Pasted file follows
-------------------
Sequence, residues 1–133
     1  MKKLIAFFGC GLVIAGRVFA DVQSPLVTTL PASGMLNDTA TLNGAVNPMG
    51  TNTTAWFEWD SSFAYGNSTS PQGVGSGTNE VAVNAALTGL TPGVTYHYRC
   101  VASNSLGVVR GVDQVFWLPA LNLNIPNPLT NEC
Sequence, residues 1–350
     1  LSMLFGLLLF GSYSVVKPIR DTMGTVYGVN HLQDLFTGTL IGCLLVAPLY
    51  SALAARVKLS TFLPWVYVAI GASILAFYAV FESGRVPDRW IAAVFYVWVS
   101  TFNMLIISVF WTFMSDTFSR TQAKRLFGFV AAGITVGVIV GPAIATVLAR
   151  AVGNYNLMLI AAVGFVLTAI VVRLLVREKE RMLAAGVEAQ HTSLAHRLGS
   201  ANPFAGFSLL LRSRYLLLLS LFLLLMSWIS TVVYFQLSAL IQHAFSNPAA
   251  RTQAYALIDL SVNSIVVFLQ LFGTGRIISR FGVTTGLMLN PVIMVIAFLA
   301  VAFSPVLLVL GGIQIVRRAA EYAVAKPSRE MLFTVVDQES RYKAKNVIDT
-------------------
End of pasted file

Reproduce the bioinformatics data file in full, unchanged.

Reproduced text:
Sequence, residues 1–133
     1  MKKLIAFFGC GLVIAGRVFA DVQSPLVTTL PASGMLNDTA TLNGAVNPMG
    51  TNTTAWFEWD SSFAYGNSTS PQGVGSGTNE VAVNAALTGL TPGVTYHYRC
   101  VASNSLGVVR GVDQVFWLPA LNLNIPNPLT NEC
Sequence, residues 1–350
     1  LSMLFGLLLF GSYSVVKPIR DTMGTVYGVN HLQDLFTGTL IGCLLVAPLY
    51  SALAARVKLS TFLPWVYVAI GASILAFYAV FESGRVPDRW IAAVFYVWVS
   101  TFNMLIISVF WTFMSDTFSR TQAKRLFGFV AAGITVGVIV GPAIATVLAR
   151  AVGNYNLMLI AAVGFVLTAI VVRLLVREKE RMLAAGVEAQ HTSLAHRLGS
   201  ANPFAGFSLL LRSRYLLLLS LFLLLMSWIS TVVYFQLSAL IQHAFSNPAA
   251  RTQAYALIDL SVNSIVVFLQ LFGTGRIISR FGVTTGLMLN PVIMVIAFLA
   301  VAFSPVLLVL GGIQIVRRAA EYAVAKPSRE MLFTVVDQES RYKAKNVIDT